By early afternoon, the state's biggest home insurer, State Farm General, and No. 2 Farmers Insurance Group said they'd received more than 2,100 claims from calls to toll-free numbers, contacts with agents and visits to field offices.
Qualcomm Stadium in San Diego and served 1,000 breakfasts to evacuees Tuesday morning. "We want people to see that their insurance company is out here," said Paul N. Hopkins, Farmers' chief executive.
State Farm spokesman Bill Sirola said his company also was moving in mobile units and "is well into the process of mobilization."
A third insurer, American International Group Inc., was even more proactive. Its Private Client Group subsidiary dispatched six special trucks to spray retardant on the vegetation and wood portions of policyholders' multimillion-dollar homes threatened by fast-moving fires.
"We think it provides enhanced protection from extensive damage," said Stan Rivera, the company's director of wildfire protection.
But with more than 1,100 homes already destroyed, California Insurance Commissioner Steve Poizner estimated that total damages would exceed "hundreds of millions of dollars," making the October wildfires some of the costliest in California history.
Poizner said his office was monitoring the insurance companies to "make sure these claims get processed as rapidly as possible."
The most expensive wildfire in U.S. history occurred in the Oakland Hills in October 1991, with $1.7 billion in insured losses ($2.5 billion in 2006 dollars). Since 1970, nine of the 10 costliest fires in the United States occurred in California, according to the Insurance Information Institute, a national industry group.
Last year, California wildfires destroyed 678,906 acres, according to the National Interagency Coordination Center. Only Texas lost more to fire.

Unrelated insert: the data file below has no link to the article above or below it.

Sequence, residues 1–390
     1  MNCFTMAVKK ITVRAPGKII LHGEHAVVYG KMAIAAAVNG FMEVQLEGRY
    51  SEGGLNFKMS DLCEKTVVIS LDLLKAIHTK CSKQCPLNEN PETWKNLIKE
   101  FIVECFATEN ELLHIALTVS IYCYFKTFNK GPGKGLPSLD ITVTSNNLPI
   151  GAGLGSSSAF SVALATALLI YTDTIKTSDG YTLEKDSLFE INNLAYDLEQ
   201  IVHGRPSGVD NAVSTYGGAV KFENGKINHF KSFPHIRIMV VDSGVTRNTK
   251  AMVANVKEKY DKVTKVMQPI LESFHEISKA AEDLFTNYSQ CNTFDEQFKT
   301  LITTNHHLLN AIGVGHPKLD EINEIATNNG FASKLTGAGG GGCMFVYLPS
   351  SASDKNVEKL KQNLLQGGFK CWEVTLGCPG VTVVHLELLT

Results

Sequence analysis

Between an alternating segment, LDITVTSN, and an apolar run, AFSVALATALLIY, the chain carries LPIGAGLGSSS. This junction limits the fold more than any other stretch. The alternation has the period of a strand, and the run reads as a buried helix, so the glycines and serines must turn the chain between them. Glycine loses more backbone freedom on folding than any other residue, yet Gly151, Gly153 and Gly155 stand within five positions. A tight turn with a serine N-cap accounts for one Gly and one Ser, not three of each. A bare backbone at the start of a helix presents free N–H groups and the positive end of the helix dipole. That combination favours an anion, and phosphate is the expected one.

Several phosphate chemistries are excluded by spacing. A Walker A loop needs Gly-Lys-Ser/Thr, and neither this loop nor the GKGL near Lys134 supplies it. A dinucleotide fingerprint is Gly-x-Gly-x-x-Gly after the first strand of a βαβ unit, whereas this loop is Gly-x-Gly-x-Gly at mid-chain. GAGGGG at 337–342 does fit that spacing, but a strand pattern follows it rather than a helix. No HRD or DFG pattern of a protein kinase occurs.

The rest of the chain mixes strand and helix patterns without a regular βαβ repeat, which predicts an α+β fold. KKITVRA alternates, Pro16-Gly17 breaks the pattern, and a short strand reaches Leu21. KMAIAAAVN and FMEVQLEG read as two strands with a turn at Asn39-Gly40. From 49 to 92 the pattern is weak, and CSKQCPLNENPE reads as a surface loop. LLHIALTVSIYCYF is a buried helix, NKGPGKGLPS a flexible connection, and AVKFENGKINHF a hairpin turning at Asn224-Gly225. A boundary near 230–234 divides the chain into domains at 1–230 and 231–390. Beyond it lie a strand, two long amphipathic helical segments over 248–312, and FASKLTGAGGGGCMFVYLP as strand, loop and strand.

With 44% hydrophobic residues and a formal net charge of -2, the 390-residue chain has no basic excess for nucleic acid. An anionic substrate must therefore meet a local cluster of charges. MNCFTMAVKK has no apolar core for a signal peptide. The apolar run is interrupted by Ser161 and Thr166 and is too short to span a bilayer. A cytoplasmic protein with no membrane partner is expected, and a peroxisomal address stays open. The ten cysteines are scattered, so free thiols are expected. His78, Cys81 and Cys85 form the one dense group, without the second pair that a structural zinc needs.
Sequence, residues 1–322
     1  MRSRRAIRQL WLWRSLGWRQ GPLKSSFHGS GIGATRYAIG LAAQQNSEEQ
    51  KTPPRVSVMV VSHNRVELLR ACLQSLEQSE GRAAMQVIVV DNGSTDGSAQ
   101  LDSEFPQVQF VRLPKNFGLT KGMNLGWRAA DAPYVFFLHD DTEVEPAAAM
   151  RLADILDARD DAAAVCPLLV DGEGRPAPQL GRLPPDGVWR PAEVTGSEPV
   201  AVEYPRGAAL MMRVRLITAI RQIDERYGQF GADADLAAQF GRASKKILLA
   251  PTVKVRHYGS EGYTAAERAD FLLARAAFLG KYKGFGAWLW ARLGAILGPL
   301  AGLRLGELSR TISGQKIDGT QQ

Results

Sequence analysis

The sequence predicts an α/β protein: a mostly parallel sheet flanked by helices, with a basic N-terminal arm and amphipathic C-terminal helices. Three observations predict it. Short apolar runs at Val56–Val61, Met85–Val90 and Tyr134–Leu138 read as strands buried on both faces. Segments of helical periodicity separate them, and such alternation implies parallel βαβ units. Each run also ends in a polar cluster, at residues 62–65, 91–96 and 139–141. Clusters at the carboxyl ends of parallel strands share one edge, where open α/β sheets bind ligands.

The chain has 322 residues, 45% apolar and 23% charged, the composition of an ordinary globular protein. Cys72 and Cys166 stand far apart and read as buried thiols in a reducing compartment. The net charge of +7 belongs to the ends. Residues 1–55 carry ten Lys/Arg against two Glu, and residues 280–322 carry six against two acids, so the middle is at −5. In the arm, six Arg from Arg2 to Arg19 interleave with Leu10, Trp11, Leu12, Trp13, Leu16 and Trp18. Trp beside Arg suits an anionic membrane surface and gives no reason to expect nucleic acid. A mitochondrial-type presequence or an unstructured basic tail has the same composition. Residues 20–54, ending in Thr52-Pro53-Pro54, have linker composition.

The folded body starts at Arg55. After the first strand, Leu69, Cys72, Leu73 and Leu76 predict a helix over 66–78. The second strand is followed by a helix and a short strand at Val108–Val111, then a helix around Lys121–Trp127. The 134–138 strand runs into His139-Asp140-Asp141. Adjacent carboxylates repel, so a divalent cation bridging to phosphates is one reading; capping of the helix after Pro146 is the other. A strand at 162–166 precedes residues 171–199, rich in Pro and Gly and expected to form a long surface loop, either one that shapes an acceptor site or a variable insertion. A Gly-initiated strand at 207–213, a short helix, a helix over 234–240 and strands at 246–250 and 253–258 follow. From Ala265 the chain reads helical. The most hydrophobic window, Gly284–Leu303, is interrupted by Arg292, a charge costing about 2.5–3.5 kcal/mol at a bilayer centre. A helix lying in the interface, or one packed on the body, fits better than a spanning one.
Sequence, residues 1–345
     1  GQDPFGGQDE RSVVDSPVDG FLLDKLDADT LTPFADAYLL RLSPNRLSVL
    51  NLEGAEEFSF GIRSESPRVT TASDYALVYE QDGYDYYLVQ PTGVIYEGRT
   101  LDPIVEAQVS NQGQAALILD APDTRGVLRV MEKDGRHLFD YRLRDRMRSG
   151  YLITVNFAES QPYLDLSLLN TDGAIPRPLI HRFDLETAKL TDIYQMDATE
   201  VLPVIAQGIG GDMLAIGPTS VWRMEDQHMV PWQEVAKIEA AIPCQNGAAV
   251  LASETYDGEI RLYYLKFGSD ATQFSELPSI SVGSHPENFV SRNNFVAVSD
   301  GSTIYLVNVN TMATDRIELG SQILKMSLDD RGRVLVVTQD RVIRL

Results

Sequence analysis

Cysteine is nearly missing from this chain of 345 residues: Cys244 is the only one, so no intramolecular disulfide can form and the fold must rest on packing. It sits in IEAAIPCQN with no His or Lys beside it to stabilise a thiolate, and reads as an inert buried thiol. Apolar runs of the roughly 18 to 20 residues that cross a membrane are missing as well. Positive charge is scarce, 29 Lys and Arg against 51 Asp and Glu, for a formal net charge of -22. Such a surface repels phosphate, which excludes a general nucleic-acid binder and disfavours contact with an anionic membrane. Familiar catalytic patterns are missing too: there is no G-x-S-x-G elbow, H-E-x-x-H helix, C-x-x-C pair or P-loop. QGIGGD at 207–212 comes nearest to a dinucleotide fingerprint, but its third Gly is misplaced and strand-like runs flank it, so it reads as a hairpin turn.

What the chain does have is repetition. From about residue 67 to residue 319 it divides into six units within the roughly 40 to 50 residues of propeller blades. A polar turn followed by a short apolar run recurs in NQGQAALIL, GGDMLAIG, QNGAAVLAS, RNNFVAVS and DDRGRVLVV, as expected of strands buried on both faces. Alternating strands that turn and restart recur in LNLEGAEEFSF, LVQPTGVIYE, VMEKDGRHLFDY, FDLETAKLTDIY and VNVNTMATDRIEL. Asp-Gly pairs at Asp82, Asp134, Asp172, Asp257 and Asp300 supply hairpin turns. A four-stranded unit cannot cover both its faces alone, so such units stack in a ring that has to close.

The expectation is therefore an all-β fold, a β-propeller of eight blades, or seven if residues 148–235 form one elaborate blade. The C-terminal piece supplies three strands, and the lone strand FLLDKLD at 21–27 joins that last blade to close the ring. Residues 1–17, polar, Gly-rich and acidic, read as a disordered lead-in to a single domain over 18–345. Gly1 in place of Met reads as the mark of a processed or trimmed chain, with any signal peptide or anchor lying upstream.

The latest fires are just the sort of catastrophe that prompted third-ranked Allstate Corp. in May to stop writing new policies for homeowners.
The insurer also is seeking a major rate increase for current policyholders, citing danger from fires.
That could spell trouble for California homeowners "if other insurance companies choose to look at it like that," warned Douglas Heller of the Foundation for Taxpayer and Consumer Rights in Santa Monica.
State Farm and Farmers said emphatically this week that they had no plans to follow Allstate's lead.
"Southern California is Farmers' home and its territory," CEO Hopkins said. Los Angeles-based Farmers is a unit of Switzerland's Zurich Financial Services. "I hope other carriers don't look at this as a time to try to take on horrendous rate increases or try to leave the state."
Sirola of State Farm said his company filed its current rates "with the full knowledge that the state is prone to these types of disasters." Wildfires, he added, were "part of doing business in California."
Allstate spokesman Peter DeMarco declined to talk about his company's plans. "Right now, Allstate is focused on providing assistance to those people impacted by the fires," he said.
Though it's difficult to plumb each insurer's plans for the California market, it's safe to expect rates to go up if the latest outbreak of fires proves expensive, said Robert Hartwig, chief economist for the Insurance Information Institute.
"There appears to be a long-term, upward trend in the frequency and intensity of fires, and the risk has to be reflected in premiums," he said. "The cost of living in these areas is going to grow."